Short and Long Term Effectiveness of Existing Insomnia Therapies for Patients Undergoing HD

In-center Hemodialysis

Short and Long-Term Effectiveness of Existing Insomnia Therapies for Patients Undergoing Hemodialysis

Dialysis and Quality of Life

Today, more than 400,000 patients in the United States treat their kidney failure, or end-stage renal disease (ESRD), with hemodialysis. These patients face many challenges, resulting in a significantly lower quality of life. Most attend four-hour dialysis sessions three times a week, follow a strict, low-salt diet, take an average of 17 pills every day, have other medical conditions, and frequently transition between receiving care in the dialysis facility and the hospital.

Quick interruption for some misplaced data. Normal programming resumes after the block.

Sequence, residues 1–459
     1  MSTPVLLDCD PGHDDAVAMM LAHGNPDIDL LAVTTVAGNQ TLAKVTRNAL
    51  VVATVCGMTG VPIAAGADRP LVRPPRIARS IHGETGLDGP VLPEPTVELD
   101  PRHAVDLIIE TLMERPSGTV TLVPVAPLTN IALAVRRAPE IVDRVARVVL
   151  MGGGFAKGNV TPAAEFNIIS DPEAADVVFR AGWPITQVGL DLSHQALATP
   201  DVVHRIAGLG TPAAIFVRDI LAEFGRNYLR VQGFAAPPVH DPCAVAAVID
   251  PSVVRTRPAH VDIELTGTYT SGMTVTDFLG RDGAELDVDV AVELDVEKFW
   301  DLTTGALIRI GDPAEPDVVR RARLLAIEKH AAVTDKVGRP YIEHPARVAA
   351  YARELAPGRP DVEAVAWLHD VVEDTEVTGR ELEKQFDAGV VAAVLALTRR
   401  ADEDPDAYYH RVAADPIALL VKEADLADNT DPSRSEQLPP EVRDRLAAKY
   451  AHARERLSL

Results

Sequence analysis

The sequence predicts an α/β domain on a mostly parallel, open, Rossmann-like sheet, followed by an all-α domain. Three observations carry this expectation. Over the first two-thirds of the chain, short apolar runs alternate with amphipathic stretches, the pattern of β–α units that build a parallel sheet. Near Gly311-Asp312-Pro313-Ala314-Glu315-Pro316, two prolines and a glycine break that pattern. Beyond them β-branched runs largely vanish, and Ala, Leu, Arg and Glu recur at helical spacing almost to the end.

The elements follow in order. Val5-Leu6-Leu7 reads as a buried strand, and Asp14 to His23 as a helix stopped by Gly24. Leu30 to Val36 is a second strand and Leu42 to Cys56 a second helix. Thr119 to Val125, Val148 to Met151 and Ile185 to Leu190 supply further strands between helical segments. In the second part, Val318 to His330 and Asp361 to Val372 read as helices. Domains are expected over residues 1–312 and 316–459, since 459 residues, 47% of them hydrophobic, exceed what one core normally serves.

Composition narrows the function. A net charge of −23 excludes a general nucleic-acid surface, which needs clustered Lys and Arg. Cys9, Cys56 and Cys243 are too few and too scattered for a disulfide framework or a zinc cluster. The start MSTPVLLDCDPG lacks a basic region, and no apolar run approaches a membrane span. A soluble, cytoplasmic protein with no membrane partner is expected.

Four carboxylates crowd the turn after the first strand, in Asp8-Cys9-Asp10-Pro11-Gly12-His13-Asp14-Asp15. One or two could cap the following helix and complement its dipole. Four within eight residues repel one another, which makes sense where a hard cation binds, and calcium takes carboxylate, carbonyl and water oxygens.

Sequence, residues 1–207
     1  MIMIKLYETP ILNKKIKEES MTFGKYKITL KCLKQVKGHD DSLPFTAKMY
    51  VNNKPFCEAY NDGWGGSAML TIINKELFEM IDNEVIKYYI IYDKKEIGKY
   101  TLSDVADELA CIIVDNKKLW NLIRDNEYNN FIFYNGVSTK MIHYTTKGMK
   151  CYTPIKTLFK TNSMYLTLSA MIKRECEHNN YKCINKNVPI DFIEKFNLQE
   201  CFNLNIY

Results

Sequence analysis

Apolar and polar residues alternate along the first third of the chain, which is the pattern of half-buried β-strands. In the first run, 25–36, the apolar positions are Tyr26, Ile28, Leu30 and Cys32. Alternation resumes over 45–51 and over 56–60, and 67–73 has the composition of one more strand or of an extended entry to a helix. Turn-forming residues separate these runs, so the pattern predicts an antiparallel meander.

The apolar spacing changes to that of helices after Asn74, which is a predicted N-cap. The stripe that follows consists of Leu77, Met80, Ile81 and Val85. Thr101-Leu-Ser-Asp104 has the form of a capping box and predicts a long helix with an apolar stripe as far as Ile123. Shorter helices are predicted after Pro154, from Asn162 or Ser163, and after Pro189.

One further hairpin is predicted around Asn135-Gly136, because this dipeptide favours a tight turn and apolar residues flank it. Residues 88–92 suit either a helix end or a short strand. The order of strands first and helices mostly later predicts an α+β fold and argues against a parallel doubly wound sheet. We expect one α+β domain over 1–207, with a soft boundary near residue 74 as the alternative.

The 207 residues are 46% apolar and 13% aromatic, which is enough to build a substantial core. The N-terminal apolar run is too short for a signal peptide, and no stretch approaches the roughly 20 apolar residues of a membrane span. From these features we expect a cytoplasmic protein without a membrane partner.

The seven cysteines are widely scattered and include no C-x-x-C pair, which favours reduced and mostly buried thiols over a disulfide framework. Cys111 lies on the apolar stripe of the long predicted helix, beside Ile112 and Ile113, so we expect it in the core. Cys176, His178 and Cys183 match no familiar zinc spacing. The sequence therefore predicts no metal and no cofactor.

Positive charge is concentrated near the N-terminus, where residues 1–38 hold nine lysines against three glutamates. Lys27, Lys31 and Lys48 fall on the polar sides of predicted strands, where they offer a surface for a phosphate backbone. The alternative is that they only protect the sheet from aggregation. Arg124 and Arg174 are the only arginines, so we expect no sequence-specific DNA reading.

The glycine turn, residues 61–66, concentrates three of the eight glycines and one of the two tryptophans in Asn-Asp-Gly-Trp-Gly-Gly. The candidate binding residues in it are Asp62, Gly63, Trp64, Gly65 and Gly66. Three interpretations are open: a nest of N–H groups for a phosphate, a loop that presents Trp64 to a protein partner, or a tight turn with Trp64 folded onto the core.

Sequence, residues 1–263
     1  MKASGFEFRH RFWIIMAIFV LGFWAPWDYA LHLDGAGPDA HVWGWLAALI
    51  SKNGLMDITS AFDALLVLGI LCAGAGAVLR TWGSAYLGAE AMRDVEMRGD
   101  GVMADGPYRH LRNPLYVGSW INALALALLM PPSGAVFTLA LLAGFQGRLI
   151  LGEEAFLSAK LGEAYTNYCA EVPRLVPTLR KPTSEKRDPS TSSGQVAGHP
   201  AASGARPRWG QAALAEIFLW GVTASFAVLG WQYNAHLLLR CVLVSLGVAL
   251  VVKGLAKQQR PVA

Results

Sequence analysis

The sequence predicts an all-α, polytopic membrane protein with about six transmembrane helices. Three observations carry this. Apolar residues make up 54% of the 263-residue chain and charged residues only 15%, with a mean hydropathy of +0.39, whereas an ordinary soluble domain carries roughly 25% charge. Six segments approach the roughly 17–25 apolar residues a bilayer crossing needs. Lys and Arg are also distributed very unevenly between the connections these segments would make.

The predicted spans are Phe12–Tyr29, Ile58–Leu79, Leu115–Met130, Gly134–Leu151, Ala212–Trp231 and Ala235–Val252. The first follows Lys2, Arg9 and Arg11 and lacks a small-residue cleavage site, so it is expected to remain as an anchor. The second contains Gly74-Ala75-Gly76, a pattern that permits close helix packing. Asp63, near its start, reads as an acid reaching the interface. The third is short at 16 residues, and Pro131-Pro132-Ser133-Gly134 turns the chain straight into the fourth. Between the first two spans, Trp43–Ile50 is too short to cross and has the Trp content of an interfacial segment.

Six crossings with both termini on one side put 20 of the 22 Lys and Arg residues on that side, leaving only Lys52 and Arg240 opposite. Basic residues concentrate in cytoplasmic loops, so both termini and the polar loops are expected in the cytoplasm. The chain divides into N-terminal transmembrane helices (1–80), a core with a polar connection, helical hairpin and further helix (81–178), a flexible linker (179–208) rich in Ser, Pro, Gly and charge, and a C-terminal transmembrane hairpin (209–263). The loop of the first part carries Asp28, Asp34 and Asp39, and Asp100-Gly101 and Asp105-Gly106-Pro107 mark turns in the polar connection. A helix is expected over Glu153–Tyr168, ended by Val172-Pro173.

Dialysis and Sleep Problems

Many patients on dialysis experience significant sleep problems, including difficulty falling asleep, waking at night, and early morning awakening. Two factors contribute sleep problems in patients on dialysis - day/night sleep reversal, a problem caused by toxins that build in patients with kidney failure, and the unpredictable consequences of hemodialysis schedules that make maintaining regular sleep/wake routines challenging. Insomnia contributes to poor health outcomes for dialysis patients and is strongly associated with daytime sleepiness, fatigue, pain, and depression. Dialysis patients and their caregivers rank sleep, fatigue, and anxiety/stress among the top 10 most important outcomes for clinical trials.

SLEEP-HD: Evaluating treatments for insomnia

The SLEEP-HD study is the first randomized, controlled clinical trial among adult hemodialysis patients that will evaluate two ways to treat insomnia, with the aim that its results would help clinicians make more informed decisions about treatment.

It will compare the effectiveness of two different treatment methods-- Cognitive Behavioral Therapy for Insomnia (CBT-I) and drug therapy--in patients in Seattle and Albuquerque.